The election is Nov. 4. To compare candidates’ thoughts on key issues, visit Chalkbeat’s interactive election tracker. Hear from the candidates yourself at a forum tonight at the Central Library featuring the five at-large candidates starting at 5:30 p.m.

Finding a home

Denver school board permanently co-locates charter elementary in middle school building

Students and staffers at Rocky Mountain Prep's first charter school in Denver cheer in 2012. (Photo by The Denver Post)

A Denver elementary charter school that was temporarily granted space in a shuttering district-run middle school building will now be housed there permanently.

The school board voted Thursday to permanently place Rocky Mountain Prep Southwest charter school in the Kepner Middle School building, where it is sharing space this year with three other school programs. Such co-locations can be controversial but have become more common in a district with skyrocketing real estate prices and ambitious school quality goals.

Rocky Mountain Prep Southwest is part of a homegrown charter network that has shown promising academic results. The network also has a school in Aurora and is expected to open a third Denver school next year in the northwest part of the city.

Rocky Mountain Prep Southwest was first placed at Kepner for the 2015-16 school year. The placement was supposed to be temporary. The district had decided the year before to phase out low-performing Kepner and replace it a new district-run middle school, Kepner Beacon, and a new charter middle school, STRIVE Prep Kepner, which is part of a larger network. The district also temporarily placed a third charter school there: Compass Academy.

Compass has since moved out of Kepner but the other four schools remain: Rocky Mountain Prep Southwest, Kepner Beacon, STRIVE Prep Kepner and the Kepner Legacy Middle School, which is on track to be completely phased out and closed by June 2019.

In a written recommendation to the school board, district officials acknowledged that permanently placing Rocky Mountain Prep Southwest at Kepner would create a space crunch.

The Kepner campus has the capacity to serve between 1,100 and 1,500 students, the recommendation says. Once all three schools reach full size, officials expect the schools will enroll a total of approximately 1,250 students. Rocky Mountain Prep Southwest currently serves students in preschool through third grade with a plan to add more grades.

“DPS facilities staff are currently working with all three schools to create a long‐term vision for the campus, including facility improvements that ensure all three schools have what they need to continue to excel,” says the recommendation from Chief Operating Officer David Suppes and Director of Operations and Support Services Liz Mendez.

District staff tried to find an alternate location for Rocky Mountain Prep Southwest but were unsuccessful, the recommendation says. The district does not have many available buildings, and competition for them among district-run and charter schools can be fierce. In northeast Denver, seven secondary schools are currently vying for the use of a shuttered elementary.

Future of Schools

Indianapolis needs tech workers. IPS hopes that George Washington will help fill that gap.

PHOTO: Dylan Peers McCoy

Indiana companies are looking for workers with computer expertise, and Indianapolis Public Schools leaders want their students to fill that gap.

Next year, George Washington High School will launch a specialized information technology academy designed to give students the skills to pursue careers in IT — and the exposure to know what jobs even exist.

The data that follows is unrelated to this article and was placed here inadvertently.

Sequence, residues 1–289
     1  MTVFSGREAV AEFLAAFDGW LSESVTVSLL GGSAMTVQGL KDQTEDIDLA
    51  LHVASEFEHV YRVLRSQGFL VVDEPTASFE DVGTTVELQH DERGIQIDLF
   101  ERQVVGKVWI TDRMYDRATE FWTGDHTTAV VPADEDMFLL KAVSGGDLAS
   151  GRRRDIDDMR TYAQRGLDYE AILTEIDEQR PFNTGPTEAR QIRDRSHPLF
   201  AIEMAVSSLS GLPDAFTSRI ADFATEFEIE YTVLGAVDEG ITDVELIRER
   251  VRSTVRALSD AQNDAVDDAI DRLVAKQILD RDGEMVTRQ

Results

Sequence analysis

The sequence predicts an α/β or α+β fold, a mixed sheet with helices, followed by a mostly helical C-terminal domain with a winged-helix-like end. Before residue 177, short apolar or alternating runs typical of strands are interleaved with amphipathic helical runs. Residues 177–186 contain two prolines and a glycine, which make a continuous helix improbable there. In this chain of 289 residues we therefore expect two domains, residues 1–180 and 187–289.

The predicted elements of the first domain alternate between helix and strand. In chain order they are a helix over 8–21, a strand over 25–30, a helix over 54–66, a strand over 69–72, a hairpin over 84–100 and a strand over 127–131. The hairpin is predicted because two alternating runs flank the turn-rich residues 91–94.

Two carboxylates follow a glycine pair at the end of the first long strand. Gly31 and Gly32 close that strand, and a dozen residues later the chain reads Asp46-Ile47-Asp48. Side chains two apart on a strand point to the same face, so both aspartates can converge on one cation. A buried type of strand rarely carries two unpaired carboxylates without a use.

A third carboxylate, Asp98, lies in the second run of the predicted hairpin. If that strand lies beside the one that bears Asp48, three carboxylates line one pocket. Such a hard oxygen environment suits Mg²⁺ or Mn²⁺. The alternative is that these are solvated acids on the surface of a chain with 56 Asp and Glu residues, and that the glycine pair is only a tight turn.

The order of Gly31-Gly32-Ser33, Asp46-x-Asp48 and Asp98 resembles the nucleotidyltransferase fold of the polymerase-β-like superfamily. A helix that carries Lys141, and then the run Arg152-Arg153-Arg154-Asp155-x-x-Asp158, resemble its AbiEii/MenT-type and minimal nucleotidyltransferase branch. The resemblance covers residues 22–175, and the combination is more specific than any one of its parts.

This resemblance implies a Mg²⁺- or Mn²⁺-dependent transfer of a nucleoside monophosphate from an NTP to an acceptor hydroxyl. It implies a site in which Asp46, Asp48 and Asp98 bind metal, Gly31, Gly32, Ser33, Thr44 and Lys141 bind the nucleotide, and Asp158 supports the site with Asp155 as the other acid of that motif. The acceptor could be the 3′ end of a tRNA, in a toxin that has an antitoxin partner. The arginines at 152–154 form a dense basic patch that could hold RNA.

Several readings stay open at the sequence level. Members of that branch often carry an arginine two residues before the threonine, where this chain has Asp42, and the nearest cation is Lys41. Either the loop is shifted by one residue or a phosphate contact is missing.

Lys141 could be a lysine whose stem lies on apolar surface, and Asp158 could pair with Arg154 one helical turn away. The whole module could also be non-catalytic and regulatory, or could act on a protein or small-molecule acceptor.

“Half of what kids aspire to be is either someone they know does it or they’ve seen it on TV,” said Karen Jung, president of Nextech, a nonprofit that works to increase computer science preparation in K-12 schools. Nextech is partnering with IPS to develop the new IT program at George Washington.

For teens who don’t know anyone working in computer science, meeting role models is essential, Jung said. When teens see women of color or artists working in computer sciences, they realize there are opportunities for people like them.

“Once we put them in front of and inside of workplaces … it clicks,” Jung said. They believe “they would belong.”

The IT program is one of three academies that will open in George Washington next year as part of a broad plan to close nearly half of the district’s high schools and add specialized focus areas at the four remaining campuses. In addition to the IT academy, George Washington will have programs in: advanced manufacturing, engineering, and logistics; and business and finance.

The district is also moving to a model without neighborhood high schools. Students will be expected to choose high schools based on focus area rather than location. This year, many current high schoolers were required to reapply in an effort to make sure they enroll in academies that fit their interests.

The district will host a showcase of schools to help parents and students with their selections. The showcase runs from 10 a.m. to 2 p.m. Saturday at the Indiana State Museum.

Stan Law, principal of Arlington High School now, will take over George Washington next year. (Arlington will close at the end of this year.) He said the new academies offer an opportunity for students to see what they need to master — from soft skills to knowledge — to get good jobs when they graduate.

“I want kids to really make the connection of the purpose of high school,” Law said. “It is that foundation for the rest of your life, in terms of the quality of life that you are going to live.”

PHOTO: Dylan Peers McCoy
Stan Law

When the IT academy launches next year, students who select the program will be able to spend about one to two classes per year focused on information technology, said Ben Carter, who runs career and technical education for IPS.

Carter hopes the academies will reshape George Washington and other IPS campuses by connecting potential careers with the work students do everyday at school. Students who share a focus area will be in a cohort, and they will share many of the same core classes such as English, math and history, said Carter. Teachers, in turn, will be able to relate what students are studying in their history class to projects they are working on in the IT program, for example.

To show students what a career in information technology might look like, students will have the chance to tour, connect with mentors and intern at local companies.

“If I’m in one of these career classes — I’m in software development, but then I get to go to Salesforce and walk through and see the environment, to me as a student, that’s inspiring,” said Carter. “It’s like, ‘oh, this is what I can have.’ ”

He added. “It increases engagement but also gives them a true sense of what the career is.”